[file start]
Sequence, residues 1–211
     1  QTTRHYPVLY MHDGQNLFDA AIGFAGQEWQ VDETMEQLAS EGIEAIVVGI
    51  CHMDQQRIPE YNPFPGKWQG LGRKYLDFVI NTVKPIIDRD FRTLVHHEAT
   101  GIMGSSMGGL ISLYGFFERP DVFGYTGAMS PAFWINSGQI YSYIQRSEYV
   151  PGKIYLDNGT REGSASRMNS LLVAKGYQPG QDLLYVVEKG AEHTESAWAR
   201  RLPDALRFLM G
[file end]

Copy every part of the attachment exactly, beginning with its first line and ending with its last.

Sequence, residues 1–211
     1  QTTRHYPVLY MHDGQNLFDA AIGFAGQEWQ VDETMEQLAS EGIEAIVVGI
    51  CHMDQQRIPE YNPFPGKWQG LGRKYLDFVI NTVKPIIDRD FRTLVHHEAT
   101  GIMGSSMGGL ISLYGFFERP DVFGYTGAMS PAFWINSGQI YSYIQRSEYV
   151  PGKIYLDNGT REGSASRMNS LLVAKGYQPG QDLLYVVEKG AEHTESAWAR
   201  RLPDALRFLM G